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February 22, 2016

How to Calibrate a Thermometer

Why Is It Important to Calibrate Brewing, Mashing, and Distilling Thermometers?

A thermometer is one of the most important tools used in making alcohol. Thermometers are inexpensive and simple tools, yet people first getting into the hobby often overlook their importance. A properly calibrated thermometer is necessary to ensure the correct mash temperature, a safe pitching temperature for yeast, and the accuracy of notes taken in the making of a mash. If a thermometer is not calibrated correctly, the final outcome might not be as good as it could have been with a properly calibrated thermometer.

It is also important to have a properly calibrated thermometer inside distillation equipment when distilling. Keeping notes during a run is the best way to dial in a recipe and to troubleshoot a recipe if the results are not as expected. During a run, it is important to take notes on the smell, the proof, the speed of the still’s production, the feel of the distillate between the fingers, the temperature at which the still started producing, and the temperature when cuts were made. It is important to periodically check the calibration of the thermometer so the notes taken are accurate. If a thermometer is dropped, kicked, or mishandled, it can lose its calibration. Always calibrate a new thermometer immediately after removing it from the box, before it is installed in a copper or stainless steel still.

Types of Thermometers Used for Making Alcohol:

Floating Brewing Thermometer:

Floating thermometers are often sold at homebrew supply shops. They are inexpensive, accurate, and a good low-cost option for measuring mash temperature. The floating thermometer’s use is simple—it’s placed into the mash—but it can be tricky to read, especially if the mash is hot. These thermometers work well but tend to break often, and they can’t be calibrated if they are not reading correctly. If you have one, keep using it until you break it; once it breaks, replace it with a thermometer that can be calibrated and is not made completely of glass.

Dial Thermometer With Clip: 
Some dial thermometers have a clip that attaches to the side of the pot. These thermometers are easier to read than the floating thermometers. They are often sold with starter homebrewing kits, and they work pretty well. They can sometimes be difficult to read because they often fog up when the lid of the still is opened for a temperature reading. Make sure that the dial thermometer has a calibration screw; these thermometers need to be calibrated periodically, especially if they are dropped or mishandled.

Digital Thermometer:
Digital thermometers are a great option for measuring mash temperature. If you use a digital thermometer, it is important to get one that is well made and can be calibrated. Good digital thermometers will be extremely accurate; they often feature 2-point calibration instead of 1-point calibration. Digital thermometers are great for measuring mash temps because they read the temperature in a few seconds and are extremely reliable. It is important to calibrate them periodically to make sure they are measuring correctly. They are great for taking quick temperature readings during a mash, but good digital thermometers can be pretty expensive.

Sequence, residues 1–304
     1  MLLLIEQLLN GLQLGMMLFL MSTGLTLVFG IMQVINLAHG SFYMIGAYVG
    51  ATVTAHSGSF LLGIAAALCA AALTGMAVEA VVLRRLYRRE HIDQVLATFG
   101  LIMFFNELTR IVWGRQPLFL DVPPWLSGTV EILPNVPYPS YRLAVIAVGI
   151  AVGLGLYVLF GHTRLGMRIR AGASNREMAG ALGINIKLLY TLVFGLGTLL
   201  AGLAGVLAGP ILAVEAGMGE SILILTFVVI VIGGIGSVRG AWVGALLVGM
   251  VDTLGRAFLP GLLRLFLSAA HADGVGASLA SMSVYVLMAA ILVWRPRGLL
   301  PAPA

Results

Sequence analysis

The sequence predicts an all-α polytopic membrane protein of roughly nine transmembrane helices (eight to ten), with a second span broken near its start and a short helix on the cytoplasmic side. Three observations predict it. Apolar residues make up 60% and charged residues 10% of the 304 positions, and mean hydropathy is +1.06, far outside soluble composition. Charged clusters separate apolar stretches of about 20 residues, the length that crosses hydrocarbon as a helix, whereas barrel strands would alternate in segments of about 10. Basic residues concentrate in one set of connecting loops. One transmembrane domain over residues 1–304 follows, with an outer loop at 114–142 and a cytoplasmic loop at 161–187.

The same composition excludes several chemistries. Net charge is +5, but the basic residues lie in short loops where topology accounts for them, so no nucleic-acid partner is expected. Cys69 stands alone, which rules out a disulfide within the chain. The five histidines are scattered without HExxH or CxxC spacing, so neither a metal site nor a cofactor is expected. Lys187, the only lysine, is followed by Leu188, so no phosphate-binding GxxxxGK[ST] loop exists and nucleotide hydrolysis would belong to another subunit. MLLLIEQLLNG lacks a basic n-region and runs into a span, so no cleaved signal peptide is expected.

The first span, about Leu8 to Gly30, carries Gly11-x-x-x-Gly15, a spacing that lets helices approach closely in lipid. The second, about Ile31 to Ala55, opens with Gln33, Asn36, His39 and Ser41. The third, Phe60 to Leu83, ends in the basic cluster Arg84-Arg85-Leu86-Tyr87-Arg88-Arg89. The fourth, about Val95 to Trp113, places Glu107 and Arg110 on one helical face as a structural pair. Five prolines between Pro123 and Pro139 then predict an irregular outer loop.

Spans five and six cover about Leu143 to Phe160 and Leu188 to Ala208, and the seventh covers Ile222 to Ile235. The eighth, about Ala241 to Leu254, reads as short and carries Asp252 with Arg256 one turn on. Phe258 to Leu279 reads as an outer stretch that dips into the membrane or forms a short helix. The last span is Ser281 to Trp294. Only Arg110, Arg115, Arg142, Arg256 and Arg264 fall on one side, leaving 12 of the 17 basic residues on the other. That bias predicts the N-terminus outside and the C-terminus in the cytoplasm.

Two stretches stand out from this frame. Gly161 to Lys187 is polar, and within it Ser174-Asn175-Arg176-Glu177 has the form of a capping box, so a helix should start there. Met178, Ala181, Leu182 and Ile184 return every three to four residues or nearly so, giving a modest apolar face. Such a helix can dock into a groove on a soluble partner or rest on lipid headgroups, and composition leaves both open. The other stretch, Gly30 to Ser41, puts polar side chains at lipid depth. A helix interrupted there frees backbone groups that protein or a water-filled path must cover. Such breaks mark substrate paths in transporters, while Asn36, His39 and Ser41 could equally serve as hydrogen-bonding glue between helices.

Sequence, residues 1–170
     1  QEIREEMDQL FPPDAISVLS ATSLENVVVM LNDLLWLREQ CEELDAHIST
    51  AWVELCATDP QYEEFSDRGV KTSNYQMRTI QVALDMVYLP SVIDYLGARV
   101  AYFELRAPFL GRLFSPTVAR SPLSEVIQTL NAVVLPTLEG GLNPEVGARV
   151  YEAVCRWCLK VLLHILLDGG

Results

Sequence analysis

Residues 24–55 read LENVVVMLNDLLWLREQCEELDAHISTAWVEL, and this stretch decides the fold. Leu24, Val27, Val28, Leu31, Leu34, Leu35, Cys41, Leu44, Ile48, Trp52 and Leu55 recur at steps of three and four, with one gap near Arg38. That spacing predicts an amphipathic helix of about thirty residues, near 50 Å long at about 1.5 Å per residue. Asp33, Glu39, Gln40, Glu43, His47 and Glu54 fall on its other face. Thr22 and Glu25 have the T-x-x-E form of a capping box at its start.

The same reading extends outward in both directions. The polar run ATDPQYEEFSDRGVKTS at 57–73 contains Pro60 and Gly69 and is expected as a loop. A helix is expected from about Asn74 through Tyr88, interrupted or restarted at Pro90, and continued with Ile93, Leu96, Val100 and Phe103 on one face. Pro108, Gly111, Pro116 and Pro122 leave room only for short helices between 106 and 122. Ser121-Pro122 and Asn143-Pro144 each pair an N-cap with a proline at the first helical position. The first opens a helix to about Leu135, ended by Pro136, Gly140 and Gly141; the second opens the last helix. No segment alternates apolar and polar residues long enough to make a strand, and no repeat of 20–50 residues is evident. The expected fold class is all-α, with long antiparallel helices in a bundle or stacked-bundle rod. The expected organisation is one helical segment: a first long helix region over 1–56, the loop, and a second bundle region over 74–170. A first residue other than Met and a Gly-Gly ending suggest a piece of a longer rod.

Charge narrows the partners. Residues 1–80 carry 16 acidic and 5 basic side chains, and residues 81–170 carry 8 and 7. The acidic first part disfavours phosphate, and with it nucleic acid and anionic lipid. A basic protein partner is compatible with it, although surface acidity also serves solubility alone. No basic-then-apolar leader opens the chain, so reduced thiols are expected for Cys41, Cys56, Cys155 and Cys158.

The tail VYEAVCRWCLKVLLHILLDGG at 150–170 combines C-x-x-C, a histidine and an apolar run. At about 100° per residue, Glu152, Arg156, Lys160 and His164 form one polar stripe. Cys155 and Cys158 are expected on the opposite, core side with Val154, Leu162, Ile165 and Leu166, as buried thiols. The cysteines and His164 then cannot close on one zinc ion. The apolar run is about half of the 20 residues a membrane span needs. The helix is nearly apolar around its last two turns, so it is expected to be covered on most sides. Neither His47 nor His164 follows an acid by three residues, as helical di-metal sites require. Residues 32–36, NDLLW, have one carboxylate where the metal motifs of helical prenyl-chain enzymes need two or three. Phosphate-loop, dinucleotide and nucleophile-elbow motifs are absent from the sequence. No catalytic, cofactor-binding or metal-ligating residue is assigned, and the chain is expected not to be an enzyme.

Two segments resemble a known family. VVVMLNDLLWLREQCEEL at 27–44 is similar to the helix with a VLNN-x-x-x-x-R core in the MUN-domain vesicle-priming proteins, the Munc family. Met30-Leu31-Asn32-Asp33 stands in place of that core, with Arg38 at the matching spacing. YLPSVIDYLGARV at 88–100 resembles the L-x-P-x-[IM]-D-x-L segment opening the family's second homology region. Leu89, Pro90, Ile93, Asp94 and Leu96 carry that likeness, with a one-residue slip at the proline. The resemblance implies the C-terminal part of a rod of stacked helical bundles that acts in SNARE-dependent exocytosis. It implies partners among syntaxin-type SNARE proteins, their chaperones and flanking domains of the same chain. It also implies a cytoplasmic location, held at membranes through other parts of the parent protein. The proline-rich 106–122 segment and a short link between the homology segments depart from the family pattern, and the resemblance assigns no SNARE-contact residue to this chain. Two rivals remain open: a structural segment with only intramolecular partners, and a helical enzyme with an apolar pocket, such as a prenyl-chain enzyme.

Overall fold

Boiler Dial Thermometer:
These are the best thermometers, in our opinion, for both mash making and distilling. We often use our 8-gallon stainless distiller boiler for making mash. The boiler thermometer makes it extremely easy to check mash temperatures during the mash process. Using a mash vessel with a built-in thermometer gives the ability to read the temperature of the mash with a quick glance at the boiler;

When distilling we recommend at least having a thermometer in the boiler, but we prefer to have one in both the boiler and the column of the still. They are extremely accurate, but it is important to periodically calibrate these thermometers because they can drift over time. If you have not read “Making Moonshine: Still Temperature,” check that out for more information on thermometers and distilling.

Equipment Needed to Calibrate a Dial Thermometer:

• A thermometer that can be calibrated
• Mason jar (1 quart)
• Ice
• Water
• Spoon

How to Quickly Calibrate a Thermometer:

  1. Fill the Mason jar to its top with ice.
  2. Top off the jar with water.
  3. Stir the ice water with a spoon and let sit for 5 minutes.
  4. Hold the probe of the thermometer in the ice water while giving it a couple of good swirls. Make sure the probe is fully submerged for 30–60 seconds and not touching the sides or the bottom of the container.
  5. While the probe is submerged, check the reading on the thermometer. The thermometer should read 32 degrees Fahrenheit or 0 degrees Celsius. If the thermometer reads 32F or 0C, it is perfectly calibrated and does not need any adjustment. If it does not read 32F or 0C, adjust the calibration screw on the back of the thermometer until the reading is 32F or 0C.

You can also calibrate a thermometer using boiling water, but instead of adjusting to 32 degrees Fahrenheit, adjust to the boiling point of water at the elevation. See chart below


Boiling point of water





0 (sea level)































  • I’m looking for some type of publication or advice on when to make cuts and how to tell when the part of a “fuel” run that I’m supposed to toss is over and the good “fuel” is running. Also how to know when to stop. I plan on buying a parrot this afternoon after I get off work. Seems like a well spent 75 bucks. What area of the world are y’all in? Any help would be greatly appreciated.

    Posted by Ed on March 17, 2016

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